Purebred dogs come from a much more limited gene pool than do mongrels, crossbreed or random-bred dogs. Purebred dogs are usually only bred with other dogs of the same breed. This limited gene pool can enhance many undesirable characteristics in the puppies, because the chances of both parents carrying mutated or recessive genes are high. Mutated and recessive genes tend to contain health problems, although just how is not entirely known.
Health Problems Due To Physical Build
The most obvious detrimental affects are health problems that are directly caused by the exaggerated shape of a particular dog breed. For example, the Cavalier King Charles spaniel often grows a head that is too small for its brain. Pugs, Pekingese, Boston terriers and other flat-faced, or brachycephalic, dogs have troubles breathing because their noses and airways are too small for them to breathe properly. Dachshunds and dogs with long backs and short legs often have spinal troubles due to their long spines.
Health Problems Due to Genetics
Many illnesses or severe medical conditions do not develop until after a purebred puppy is brought home. These illnesses are passed on through genes. Illnesses and medical conditions known to contain a strong genetic component include epilepsy, progressive retinal aphasia and hip dysplasia. Some of these conditions are unusual but not deadly, such as blue Doberman syndrome or color mutant alopecia, in which dogs of blue or fawn coloring such as Doberman pinschers, Italian greyhounds of Irish setters lose their hair. Some dog breeders are trying to remove these inherited traits by simply neutering any dog with the health problems. For example, there is a national group called the Orthopedic Foundation for Animals that certifies dogs that are free of certain inherited conditions like hip dysplasia.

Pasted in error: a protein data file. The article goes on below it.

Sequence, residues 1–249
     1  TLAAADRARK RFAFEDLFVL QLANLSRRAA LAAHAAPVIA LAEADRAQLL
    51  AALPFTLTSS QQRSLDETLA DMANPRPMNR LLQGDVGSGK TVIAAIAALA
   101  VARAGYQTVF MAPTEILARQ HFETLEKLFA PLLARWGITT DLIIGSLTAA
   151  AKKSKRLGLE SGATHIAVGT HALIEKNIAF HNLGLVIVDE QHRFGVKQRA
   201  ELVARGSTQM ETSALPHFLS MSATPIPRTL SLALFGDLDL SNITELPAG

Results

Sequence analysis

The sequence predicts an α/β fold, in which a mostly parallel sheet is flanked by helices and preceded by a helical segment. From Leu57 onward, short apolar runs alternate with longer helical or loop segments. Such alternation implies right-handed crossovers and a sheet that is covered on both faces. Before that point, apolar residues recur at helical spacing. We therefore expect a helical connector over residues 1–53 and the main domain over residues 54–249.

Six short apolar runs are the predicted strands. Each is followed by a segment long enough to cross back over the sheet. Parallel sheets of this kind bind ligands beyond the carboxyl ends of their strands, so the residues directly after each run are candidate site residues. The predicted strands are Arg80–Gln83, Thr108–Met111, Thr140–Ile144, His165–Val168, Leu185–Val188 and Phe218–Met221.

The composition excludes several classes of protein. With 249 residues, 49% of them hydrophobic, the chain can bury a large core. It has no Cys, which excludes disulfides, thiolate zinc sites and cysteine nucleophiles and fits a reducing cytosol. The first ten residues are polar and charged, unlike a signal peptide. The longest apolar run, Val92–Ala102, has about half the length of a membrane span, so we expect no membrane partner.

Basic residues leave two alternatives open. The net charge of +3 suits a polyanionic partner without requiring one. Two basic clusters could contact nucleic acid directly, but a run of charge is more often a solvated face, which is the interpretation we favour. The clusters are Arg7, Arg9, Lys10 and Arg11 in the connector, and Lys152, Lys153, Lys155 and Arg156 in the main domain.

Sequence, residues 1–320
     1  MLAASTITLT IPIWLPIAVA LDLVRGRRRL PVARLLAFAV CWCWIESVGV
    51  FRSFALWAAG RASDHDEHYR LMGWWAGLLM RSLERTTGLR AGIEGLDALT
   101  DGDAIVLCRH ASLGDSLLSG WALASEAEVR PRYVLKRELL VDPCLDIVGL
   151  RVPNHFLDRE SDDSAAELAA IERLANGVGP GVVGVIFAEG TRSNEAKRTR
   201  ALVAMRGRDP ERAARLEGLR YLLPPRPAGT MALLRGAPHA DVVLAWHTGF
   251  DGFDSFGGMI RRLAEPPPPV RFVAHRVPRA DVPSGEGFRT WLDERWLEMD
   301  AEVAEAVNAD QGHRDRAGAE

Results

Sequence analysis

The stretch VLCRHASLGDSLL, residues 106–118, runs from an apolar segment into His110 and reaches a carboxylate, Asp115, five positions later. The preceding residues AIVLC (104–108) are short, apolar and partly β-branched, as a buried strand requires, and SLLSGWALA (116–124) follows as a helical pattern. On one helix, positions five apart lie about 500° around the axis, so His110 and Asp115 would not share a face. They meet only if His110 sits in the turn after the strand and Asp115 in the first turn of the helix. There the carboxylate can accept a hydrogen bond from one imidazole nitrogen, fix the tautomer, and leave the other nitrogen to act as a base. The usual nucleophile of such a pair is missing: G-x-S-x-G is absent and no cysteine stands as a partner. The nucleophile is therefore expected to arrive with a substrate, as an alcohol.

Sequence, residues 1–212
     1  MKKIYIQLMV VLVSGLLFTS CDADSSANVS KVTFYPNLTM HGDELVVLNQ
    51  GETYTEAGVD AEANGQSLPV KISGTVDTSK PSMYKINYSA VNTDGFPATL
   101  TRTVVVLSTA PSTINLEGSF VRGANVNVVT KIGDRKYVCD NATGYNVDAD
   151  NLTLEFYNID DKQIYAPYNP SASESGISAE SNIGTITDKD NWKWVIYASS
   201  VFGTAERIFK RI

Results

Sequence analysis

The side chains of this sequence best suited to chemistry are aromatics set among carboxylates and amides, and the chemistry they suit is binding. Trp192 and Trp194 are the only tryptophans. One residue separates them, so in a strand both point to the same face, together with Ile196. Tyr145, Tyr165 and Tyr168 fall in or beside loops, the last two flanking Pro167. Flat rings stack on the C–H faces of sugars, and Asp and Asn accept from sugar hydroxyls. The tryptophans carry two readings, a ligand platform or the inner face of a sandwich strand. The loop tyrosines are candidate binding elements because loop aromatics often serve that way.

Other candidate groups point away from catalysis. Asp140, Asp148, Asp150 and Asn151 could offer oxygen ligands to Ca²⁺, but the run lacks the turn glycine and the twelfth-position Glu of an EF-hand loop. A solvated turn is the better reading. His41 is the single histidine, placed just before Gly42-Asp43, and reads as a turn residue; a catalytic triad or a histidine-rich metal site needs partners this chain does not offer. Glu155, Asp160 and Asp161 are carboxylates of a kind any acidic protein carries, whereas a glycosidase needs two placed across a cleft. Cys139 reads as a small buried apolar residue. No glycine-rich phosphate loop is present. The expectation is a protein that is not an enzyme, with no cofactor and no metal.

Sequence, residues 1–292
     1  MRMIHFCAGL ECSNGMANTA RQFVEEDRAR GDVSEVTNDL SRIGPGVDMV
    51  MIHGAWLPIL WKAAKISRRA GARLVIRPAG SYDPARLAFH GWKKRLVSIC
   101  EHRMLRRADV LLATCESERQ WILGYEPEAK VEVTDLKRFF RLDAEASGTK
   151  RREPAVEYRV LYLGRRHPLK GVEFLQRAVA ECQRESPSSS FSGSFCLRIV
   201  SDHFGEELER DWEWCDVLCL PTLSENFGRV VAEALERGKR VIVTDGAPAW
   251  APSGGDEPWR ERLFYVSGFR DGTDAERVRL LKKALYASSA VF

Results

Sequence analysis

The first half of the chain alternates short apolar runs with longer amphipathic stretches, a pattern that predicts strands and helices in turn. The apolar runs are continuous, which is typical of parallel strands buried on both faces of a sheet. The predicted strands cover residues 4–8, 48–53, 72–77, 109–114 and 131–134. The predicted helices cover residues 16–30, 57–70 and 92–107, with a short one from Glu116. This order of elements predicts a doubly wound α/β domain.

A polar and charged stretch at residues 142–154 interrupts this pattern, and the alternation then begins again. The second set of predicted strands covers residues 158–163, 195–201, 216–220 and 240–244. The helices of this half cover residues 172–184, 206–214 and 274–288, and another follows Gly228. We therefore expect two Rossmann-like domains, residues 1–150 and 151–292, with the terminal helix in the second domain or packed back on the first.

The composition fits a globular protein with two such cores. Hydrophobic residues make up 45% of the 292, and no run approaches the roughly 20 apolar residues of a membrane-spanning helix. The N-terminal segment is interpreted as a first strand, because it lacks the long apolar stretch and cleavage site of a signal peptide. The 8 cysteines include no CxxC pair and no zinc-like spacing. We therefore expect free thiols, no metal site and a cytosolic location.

Purebred dogs were often bred to perform a specific function, such as herding livestock or fighting other dogs. These traits have not been bred out over the generations. If a dog was bred to fight other dogs, which would be any bulldog breed, then they may need to be supervised when they are around other dogs. Herding dogs and hunting dogs were bred to be on the go all day, so they need a lot of exercise or they could have mischievous tendencies. Herding dogs in particular will round up people or children in a bossy or threatening manner because that is what they have been bred to do.